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Wednesday, July 29, 2020

Halachic Times (Zmanim)
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Jewish History

The Spies dispatched 40 days earlier by Moses to tour the Promised Land return to Israel's encampment in the desert, bearing a huge cluster of grapes and other lush fruits. But even as they praise the land's fertility, they terrify the people with tales of mighty giant warriors dwelling there and assert that the land is unconquerable.

Links:
Generation Gap
The Spies

Fighting breaks out inside the besieged city of Jerusalem between Jewish factions divided on the question of whether or not to fight the Roman armies encircling the city from without. One group sets fire to the city's considerable food stores, consigning its population to starvation until the fall of Jerusalem three years later.

Laws and Customs
Starting in the afternoon, Tachanun (confession of sins) and similar prayers are omitted.

The fast of Tishah B'Av begins this evening at sunset.

Some of the fast's mourning practices--such as refraining from Torah study other than texts related to the events and nature of the fast day--are observed beginning from midday today.

The final meal before the start of the fast, eaten shortly before sunset, is called seudah hamafseket. Only one cooked food is eaten at this meal, customarily an egg dipped in ashes.

"Eichah"--the Book of Lamentations--is read tonight in the synagogue after evening prayers.

See "Laws and Customs" for tomorrow, Av 9, for the particular observances of the fast day.

Links:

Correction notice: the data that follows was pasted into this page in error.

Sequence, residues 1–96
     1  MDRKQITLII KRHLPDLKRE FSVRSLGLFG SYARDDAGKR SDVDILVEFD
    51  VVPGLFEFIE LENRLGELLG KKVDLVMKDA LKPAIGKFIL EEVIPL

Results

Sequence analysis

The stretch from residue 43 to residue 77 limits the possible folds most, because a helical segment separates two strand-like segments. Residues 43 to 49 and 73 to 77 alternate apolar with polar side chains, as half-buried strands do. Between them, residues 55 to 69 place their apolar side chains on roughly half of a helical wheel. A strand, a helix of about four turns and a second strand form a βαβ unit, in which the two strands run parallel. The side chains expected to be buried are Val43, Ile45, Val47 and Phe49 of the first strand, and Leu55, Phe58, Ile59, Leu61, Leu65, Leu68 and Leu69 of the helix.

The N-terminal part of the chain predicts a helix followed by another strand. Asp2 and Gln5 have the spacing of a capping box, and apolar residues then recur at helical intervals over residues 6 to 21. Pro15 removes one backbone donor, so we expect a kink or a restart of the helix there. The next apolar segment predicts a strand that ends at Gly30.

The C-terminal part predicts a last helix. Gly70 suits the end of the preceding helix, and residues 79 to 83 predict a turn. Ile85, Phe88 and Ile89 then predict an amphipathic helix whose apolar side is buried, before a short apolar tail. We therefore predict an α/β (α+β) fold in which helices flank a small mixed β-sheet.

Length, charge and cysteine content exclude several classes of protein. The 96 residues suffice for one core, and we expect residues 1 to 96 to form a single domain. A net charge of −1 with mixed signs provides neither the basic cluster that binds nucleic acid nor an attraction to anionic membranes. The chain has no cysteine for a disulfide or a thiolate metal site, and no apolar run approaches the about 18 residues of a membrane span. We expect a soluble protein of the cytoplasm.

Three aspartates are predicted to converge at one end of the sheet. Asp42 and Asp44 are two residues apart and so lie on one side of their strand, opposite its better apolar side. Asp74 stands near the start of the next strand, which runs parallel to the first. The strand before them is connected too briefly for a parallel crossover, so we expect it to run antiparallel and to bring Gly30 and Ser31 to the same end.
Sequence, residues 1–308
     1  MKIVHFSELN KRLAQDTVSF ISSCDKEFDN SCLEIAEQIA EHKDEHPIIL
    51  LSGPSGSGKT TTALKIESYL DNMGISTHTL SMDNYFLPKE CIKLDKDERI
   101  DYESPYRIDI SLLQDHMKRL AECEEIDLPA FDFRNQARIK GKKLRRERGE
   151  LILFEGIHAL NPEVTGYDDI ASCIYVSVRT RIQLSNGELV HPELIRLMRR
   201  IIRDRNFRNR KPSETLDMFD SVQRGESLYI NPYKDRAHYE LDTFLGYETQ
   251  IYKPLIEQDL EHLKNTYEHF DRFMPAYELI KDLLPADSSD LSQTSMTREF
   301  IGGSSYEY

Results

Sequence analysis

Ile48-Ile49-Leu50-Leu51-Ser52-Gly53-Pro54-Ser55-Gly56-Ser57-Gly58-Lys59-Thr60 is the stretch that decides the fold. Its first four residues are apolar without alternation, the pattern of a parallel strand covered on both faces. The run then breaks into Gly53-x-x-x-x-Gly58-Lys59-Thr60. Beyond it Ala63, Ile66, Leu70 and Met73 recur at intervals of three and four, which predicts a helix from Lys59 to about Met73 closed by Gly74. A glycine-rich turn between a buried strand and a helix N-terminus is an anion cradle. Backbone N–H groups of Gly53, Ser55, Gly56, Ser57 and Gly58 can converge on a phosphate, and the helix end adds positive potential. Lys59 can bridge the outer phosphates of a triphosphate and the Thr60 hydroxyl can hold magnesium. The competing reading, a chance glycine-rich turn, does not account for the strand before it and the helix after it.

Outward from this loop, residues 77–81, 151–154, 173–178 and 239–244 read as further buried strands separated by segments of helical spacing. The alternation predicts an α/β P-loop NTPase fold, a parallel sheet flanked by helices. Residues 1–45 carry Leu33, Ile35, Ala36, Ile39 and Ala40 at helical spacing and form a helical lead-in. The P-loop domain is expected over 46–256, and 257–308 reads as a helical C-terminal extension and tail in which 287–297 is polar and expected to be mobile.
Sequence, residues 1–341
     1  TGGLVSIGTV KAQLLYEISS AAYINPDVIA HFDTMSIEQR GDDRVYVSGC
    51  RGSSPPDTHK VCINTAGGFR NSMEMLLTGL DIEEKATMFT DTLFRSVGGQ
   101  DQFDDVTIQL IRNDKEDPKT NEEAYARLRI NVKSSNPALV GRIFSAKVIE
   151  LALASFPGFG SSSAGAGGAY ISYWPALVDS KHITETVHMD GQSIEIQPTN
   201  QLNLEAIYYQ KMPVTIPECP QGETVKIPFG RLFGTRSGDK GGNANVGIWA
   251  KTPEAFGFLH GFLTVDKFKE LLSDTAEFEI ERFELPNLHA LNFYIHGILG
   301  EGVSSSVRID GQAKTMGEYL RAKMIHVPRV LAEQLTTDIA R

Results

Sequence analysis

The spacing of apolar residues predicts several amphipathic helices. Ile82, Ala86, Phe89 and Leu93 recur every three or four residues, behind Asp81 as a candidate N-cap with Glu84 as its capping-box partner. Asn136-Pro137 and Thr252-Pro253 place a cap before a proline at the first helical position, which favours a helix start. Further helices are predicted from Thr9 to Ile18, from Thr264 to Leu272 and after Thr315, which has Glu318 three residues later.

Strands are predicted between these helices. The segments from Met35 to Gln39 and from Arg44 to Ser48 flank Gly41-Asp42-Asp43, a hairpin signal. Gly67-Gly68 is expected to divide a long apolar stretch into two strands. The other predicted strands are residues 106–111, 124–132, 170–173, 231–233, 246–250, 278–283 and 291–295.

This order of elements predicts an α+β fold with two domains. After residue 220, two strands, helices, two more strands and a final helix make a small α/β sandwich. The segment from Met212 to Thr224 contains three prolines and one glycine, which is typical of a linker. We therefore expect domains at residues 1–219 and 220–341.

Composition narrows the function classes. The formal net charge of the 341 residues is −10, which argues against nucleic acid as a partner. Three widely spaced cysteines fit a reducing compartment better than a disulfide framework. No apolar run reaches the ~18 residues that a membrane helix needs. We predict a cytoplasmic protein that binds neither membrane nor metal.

Mitzvah Minute: Tisha b'Av
Laws of Tishah B'Av

During the “Nine Days" from Av 1st to the Ninth of Av, we mourn the destruction of the Holy Temple. We abstain from meat and wine, music, haircutting, bathing for pleasure, and other joyous (and dangerous) activities. (The particular mourning customs vary from community to community, so consult a competent halachic authority for details.)

Consumption of meat and wine is permitted on Shabbat, or at a seudat mitzvah (obligatory festive meal celebrating the fulfillment of certain mitzvot) such as a brit (circumcision), or a siyum celebrating the completion of a course of Torah study (i.e., a complete Talmudic tractate). The Lubavitcher Rebbe, of righteous memory initiated the custom of conducting or participating in a siyum on each of the Nine Days (even if one does not avail oneself of the dispensation to eat meat).

Citing the verse "Zion shall be redeemed with mishpat [Torah] and its returnees with tzedakah," (Isaiah 1:27) the Rebbe urged that we increase in Torah study (particularly the study of the laws of the Holy Temple) and charity during this period.

Links:
Nine Days laws and customs
Daily live siyum broadcasts
Learn about the Holy Temple in Jerusalem

Daily Thought

At first, there was punishment.

There were prophets who warned the people—for there is no punishment without warning.

There were people who understood what they were doing and did it anyways—for there is no punishment without conscious intent.

And so, up to and including the destruction of the First Temple, there was punishment.

But then came a time when there were no prophets to provide due warning. And rare was the man who had the power of mind to intentionally sin. The suffering that occurred then, since the time of the Second Temple, cannot be called punishment. Instead it is called “tikkun”—healing, repair. Souls of past generations returned to this world to be repaired by standing firm despite great challenge and tribulation.

Then came the master of the hidden wisdom, the great Ari. According to his disciples, with his teachings he repaired all the souls of Israel.

It follows, writes the Mitteler Rebbe, that the suffering of the Jewish people since the Holy Ari, of blessed memory, are neither punishment nor repair. If so, what are they?

We do not know.

One thing we do know: We know that we do not know.

But simply because the human mind cannot know a thing, does that mean this thing cannot exist? Because we cannot give a reason, is there then no reason?

Or perhaps it simply means that we should be a little more humble, since we are not the ones who made this world. We must wait, and when all the drama is done, then we will know with the knowledge of the Author Himself.

Only then, once we leave behind forever these dark clouds, will we fathom and truly see that all darkness is profound light.

See Sefer Hasichot 5751a, page 248, footnote 116.